Armenian Apostolic Church
ARMENIAN APOSTOLIC CHURCH
The Armenian Apostolic Church has a long and ancient history. Its received tradition remembers the apostolic preaching of Saint Bartholomew and Saint Thaddeus among the Armenians of Edessa and surrounding territories. It is likely that there were Armenian Christians from early times, such that Saint Gregory the Illuminator, in the fourth century, who worked among people who had previous contact with Christianity. The Armenian Church celebrates the year 301 as the time when Gregory converted King Trdat. The king, in turn, made Christianity the state religion. There is disagreement among scholars about this date. It should also be remembered that the idea of Christianity as state religion was an innovation at that time.
Events of the fifth century were critical to the making of a distinctively Armenian Christian culture and identity. The foremost of these was the invention of the Armenian alphabet by the monk Mesrob Mashtots and his community. Translations of scripture, commentaries, liturgy, theology, and histories were made. Greek and Syriac literature were important sources. In addition, the fifth century witnessed the first flowering of original Armenian literature. An example is Eznik Koghbatsi's doctrinal work, Refutation of the Sects. The Battle of Avarayr in 451 against Persia, although a defeat for the Armenians under Vartan, has been remembered as critical for winning the Armenians the right to practice their Christian belief.
The fact that the Armenians eventually rejected the Christology of the Council of Chalcedon (451) has defined their communion with the Oriental Orthodox churches and their schism from the Orthodox churches that grew out of Constantinople (that is, the Orthodox churches of the Greeks, Georgians, and Russians, among others). The dispute concerned the way in which the natures of Christ were properly described. The Armenian Church believed that the language of Chalcedon, defining the person of Jesus Christ as "in two natures," destroyed the unity of divinity and humanity in Christ.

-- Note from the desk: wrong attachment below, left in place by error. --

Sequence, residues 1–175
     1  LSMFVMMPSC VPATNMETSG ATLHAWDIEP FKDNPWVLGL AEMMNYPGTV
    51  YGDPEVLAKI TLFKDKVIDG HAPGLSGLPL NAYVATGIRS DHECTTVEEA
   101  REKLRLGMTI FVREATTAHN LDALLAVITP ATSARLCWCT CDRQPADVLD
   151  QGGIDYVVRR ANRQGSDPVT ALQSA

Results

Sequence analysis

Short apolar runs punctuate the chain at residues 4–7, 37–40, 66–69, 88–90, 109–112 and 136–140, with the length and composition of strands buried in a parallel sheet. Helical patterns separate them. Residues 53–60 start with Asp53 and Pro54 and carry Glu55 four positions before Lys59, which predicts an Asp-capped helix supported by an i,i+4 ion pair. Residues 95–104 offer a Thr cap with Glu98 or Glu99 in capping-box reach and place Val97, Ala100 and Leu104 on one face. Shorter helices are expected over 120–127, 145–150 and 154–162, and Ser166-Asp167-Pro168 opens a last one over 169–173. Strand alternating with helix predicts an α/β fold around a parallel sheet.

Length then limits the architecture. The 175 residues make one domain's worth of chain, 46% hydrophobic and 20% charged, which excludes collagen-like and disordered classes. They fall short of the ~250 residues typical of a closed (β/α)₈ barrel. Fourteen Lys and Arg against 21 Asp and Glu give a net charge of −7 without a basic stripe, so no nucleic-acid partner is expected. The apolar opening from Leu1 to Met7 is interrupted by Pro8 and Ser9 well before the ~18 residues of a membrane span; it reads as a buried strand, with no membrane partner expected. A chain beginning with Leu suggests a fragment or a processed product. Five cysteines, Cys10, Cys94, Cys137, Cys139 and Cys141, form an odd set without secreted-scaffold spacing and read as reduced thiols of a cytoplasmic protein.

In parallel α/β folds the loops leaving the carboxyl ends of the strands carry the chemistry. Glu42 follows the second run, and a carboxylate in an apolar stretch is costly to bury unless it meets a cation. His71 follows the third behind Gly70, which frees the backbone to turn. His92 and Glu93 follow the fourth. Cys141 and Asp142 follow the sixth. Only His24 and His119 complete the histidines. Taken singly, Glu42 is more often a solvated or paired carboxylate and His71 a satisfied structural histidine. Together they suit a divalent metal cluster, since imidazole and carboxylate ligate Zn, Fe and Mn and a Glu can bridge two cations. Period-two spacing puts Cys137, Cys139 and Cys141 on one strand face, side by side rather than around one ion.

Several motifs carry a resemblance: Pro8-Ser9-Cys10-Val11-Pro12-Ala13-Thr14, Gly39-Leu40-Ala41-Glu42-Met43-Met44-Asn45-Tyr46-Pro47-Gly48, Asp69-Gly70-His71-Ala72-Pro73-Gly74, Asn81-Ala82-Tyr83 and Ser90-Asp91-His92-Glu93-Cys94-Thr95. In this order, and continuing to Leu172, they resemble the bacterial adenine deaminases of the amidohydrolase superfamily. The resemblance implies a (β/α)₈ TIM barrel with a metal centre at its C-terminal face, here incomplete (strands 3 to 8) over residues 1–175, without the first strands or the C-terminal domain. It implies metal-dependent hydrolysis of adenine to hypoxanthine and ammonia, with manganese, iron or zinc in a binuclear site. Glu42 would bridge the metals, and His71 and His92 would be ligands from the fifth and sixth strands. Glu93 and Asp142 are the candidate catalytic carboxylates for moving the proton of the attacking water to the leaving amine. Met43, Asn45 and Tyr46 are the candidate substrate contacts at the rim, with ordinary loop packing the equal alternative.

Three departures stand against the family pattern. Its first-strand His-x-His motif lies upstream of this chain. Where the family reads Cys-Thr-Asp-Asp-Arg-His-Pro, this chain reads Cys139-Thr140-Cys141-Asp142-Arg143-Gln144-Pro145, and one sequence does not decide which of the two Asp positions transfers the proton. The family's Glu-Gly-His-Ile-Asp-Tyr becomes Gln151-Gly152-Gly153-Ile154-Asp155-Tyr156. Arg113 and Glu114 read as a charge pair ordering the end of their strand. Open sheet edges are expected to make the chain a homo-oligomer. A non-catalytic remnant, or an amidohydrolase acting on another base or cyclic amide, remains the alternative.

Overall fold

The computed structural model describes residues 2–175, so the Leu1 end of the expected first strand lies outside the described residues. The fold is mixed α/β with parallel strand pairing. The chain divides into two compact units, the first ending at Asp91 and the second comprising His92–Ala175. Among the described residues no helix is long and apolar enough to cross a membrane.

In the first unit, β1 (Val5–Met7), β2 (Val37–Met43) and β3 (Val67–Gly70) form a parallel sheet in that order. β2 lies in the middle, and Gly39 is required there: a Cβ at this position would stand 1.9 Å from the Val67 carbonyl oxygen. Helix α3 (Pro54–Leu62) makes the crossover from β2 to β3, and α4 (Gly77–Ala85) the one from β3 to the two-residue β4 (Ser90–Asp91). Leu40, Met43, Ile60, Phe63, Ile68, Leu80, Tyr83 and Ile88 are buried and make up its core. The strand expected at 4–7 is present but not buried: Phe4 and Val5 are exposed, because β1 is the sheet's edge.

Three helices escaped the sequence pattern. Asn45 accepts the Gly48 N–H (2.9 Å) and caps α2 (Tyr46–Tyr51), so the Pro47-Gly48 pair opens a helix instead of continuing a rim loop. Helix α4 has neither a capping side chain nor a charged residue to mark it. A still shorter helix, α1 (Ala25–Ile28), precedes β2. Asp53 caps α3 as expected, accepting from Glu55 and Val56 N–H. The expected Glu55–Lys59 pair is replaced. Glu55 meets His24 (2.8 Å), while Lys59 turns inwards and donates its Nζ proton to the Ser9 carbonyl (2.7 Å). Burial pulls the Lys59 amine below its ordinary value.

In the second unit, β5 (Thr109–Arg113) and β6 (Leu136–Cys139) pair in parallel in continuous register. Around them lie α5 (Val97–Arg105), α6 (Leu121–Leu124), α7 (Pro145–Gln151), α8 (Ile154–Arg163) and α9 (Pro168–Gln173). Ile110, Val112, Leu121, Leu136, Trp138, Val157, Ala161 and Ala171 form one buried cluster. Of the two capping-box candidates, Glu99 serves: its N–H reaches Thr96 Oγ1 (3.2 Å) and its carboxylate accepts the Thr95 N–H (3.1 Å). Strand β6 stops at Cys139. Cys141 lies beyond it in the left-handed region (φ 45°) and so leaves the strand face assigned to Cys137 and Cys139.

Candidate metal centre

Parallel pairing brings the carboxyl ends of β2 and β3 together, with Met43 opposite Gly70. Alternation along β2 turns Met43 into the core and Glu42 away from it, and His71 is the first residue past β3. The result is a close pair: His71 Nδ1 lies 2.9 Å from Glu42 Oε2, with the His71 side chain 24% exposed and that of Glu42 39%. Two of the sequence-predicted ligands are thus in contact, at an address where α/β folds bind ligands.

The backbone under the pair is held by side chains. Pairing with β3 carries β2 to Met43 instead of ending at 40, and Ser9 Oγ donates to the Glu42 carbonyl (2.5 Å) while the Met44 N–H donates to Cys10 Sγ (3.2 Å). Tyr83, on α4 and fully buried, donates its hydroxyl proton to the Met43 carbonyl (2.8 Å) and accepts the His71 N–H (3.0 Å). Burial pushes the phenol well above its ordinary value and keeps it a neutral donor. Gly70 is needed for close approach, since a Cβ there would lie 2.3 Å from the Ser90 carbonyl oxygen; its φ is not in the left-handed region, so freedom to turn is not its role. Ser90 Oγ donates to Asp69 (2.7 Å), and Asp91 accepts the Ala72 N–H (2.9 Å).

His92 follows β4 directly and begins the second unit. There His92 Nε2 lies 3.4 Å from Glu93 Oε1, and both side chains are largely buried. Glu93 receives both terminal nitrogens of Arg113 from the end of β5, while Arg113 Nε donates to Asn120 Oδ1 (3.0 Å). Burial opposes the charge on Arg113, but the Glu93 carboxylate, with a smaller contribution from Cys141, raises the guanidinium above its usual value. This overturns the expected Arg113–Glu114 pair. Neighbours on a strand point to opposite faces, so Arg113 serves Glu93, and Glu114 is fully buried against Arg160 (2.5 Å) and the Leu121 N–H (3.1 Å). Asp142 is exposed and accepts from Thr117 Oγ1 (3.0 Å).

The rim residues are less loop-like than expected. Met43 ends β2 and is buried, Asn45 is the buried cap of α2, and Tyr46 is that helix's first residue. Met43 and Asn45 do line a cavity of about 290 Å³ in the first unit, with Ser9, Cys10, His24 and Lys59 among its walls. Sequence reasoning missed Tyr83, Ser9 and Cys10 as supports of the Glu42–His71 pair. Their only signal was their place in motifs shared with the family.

Throughout much of its history, the Armenian Orthodox Church has been an instrument of the Armenian nation's survival. The head of the church, called catholicos, has been located in various Armenian cities, often in the center of political power. In the early twenty-first century the supreme catholicos is located in the city of Echmiadzin, near the Armenian capital, Yerevan. Another catholicos, descended from the leaders of Sis in Cilicia, is located in Lebanon. During the existence of Cilician Armenia (from the eleventh to fourteenth centuries), when Crusaders were present in the Middle East, the Armenian Church had close ties with Rome. Nerses Shnorhali, known as "the Graceful" (1102–1173), was an important catholicos of this period.
The Armenian Church played a significant role in the succession of Muslim empires in which its faithful were located. Because some of these were divided according to religious affiliation, the leaders of the Armenian were, in fact, also politically responsible for their communities. The Armenian Church was greatly affected by two phenomenon in the twentieth century: the genocide in Turkey, in which 1.5 million died, and the Sovietization of eastern Armenia, which ushered in seven decades of official atheism. The genocide essentially destroyed the church in Turkey, where only a remnant remains. It has also profoundly affected the way in which the Armenian Church approaches the idea of suffering in this world.
The church thrived in many parts of the Armenian diaspora, and is regaining its strength in newly independent Armenia. In the post-Soviet period, the church has struggled to define itself in society, having to overcome the decades of persecution and neglect, as well as making adjustments in a political culture in which it is favored but must still coexist in an officially pluralistic society.
The liturgy of the Armenian Church (the eucharistic service is called patarag ) with Syriac and Greek roots, has been vastly enriched by the hymnody of Armenian writers. Contact with Rome has also been important in this context. Armenians, preserving an ancient Eastern tradition, celebrate Christmas and Epiphany together on January 6.
See also: armenia and armenians; orthodoxy; religion; russian orthodox church